Four Kulan, an Asiatic wild ass, were transported 2,100 km by helicopter to an area where the species once roamed.
More Kulan return home
The steppe ecosystem in central Kazakhstan is enormous, nearly double the size of Germany. Consisting of temperate grasslands, winter deserts, and semi-deserts, this landscape supports many endangered species and features extensive and important wetlands. However, keeping the landscape healthy requires grazing herbivores, such as saiga antelope, Przewalski’s horse, and the Asiatic wild ass, the Kulan. These animals keep the vast steppe expanse in good ecological health by diversifying the grass base by spreading seeds in their droppings and grazing plants which helps keeps fires at bay.
Since the 1930’s the steppe has not had the herbivore diversity it needs. Many steppe species are endangered or declining in numbers, with some already lost in this part of the world, including Przewalski’s horse and the Kulan, mostly as a result of poaching pressures. Currently, the Kulan that are still present in Kazakhstan are found primarily in the Southeast of the country, within Altyn Emel National Park.
To re-populate the steppe, Kulan need to be brought from Altyn Emel to central Kazakhstan because roads, infrastructure, and mountains block their way. But transporting them is also no easy feat. Mountain ranges and incomplete roads have made the task challenging for the Altyn Dala Conservation Initiative, a multinational partnership working together with an ambitious vision to restore the Kazakh steppe ecosystem for wildlife and people. The Initiative has been gradually bringing groups of this species from the Park to a reintroduction enclosure in central Kazakhstan’s Altyn-Dala State Nature Reserve since 2017. So far the team have brought over nearly twenty animals, with four arriving just recently, in December 2022.
Since it is not yet possible to travel the entire route between Altyn Emel and the reintroduction enclosure by land transport, an MI-171 helicopter was needed to cover 2,100km of the route, an eight-hour flight. To ensure the greatest success of such a delicate procedure, a year’s worth of planning and organizing was needed to make sure that the animals would have veterinarian support, that funds were raised to cover the cost of the translocation, and that security measures such as 24/7 on-site monitoring, support by caretakers, and veterinarians were in place.
Wild animal reintroductions carry many risks. Stress resulting from capture and interactions between the animals cannot be fully controlled even with the utmost care to mitigate and manage these risks using a highly skilled and experienced team.
During the December 2022 translocation, all four Kulan, which consisted of two females and two young, did well during the helicopter journey and were successfully introduced to the Kulan already present in the enclosure.
However, a few days later, a male suddenly started attacking the two newly brought-in young Kulan, leading to the death of both.
Aggressive behavior by Kulan stallions towards young animals has been documented in zoos, especially during the breeding season. However, this situation was unexpected as not only has the male never shown any aggression towards young Kulan previously, but the breeding season was long over.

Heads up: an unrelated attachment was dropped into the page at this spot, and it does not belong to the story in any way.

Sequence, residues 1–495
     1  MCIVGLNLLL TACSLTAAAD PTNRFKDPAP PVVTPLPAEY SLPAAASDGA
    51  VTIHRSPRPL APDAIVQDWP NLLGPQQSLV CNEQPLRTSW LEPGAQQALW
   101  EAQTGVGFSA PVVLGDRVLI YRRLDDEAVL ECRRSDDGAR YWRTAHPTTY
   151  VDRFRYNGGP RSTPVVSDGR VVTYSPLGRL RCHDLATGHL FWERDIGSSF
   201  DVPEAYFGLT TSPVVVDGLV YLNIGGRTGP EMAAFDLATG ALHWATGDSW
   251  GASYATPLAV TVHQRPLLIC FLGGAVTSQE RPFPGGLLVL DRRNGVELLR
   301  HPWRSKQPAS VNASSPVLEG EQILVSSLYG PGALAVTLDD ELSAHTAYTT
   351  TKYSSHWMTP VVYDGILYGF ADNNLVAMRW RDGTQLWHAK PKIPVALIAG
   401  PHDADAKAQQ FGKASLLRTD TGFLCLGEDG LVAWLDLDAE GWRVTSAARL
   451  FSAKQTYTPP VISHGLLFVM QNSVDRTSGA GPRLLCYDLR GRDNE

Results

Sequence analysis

The team emerges from this serious incident having learned new lessons about Kulan and with ideas on how to better fortify the enclosure for future re-introductions.
Currently, the Altyn Dala caretaker team and the FZS Kulan reintroduction officer are monitoring the other two newly brought-in Kulans. So far, those two are continuing to do well.
While the Kulan are in the enclosure, a sort of in-between space where they will remain until the team is confident that the animals have bonded well socially and feel at ease enough to grow their population, each will be fitted with a GPS collar.
These collars will then help the team track the whereabouts of the Kulan after they are released into the wider central Kazakhstan steppe and to make sure that the population is growing. Data from previous releases in 2017 and 2019 has helped the team track the animals and understand how they move in their new ecosystem. Additionally, the new Kulan born on the steppe in 2021 and 2022 show that past re-introductions have gone well.
The team will continue to follow strict international reintroduction guidelines and in line with the evidence of what works on the ground, will continue relocating individuals until the group in central Kazakhstan reaches a size of about 30 Kulan. These animals will then be the base for a sustainable population.
Planning for the next translocation, scheduled for autumn 2023, has already begun. The team hopes that a new road that is nearing completion in the area will bridge a gap between Altyn Emel and central Kazakhstan, allowing the team to bring in larger groups of Kulan.
Additionally, European zoos with Kulan in their enclosures are also interested in supplementing the wild population with their animals through an ex-situ program where captive animals are given a chance at life in the wild. This would also help boost the population of Kulan in central Kazakhstan.
This project is a partnership between FZS, ACBK, the Committee for Forestry and Wildlife of the Ministry of Ecology, Geology and Natural Resources of Kazakhstan, Tiergarten Nuernberg, the Inland Norway University of Applied Sciences and international vets.
The Altyn Dala Conservation Initiative is a multinational partnership working together with an ambitious vision to restore the Kazakh steppe ecosystem for wildlife and people. For more visit the Altyn Dala website.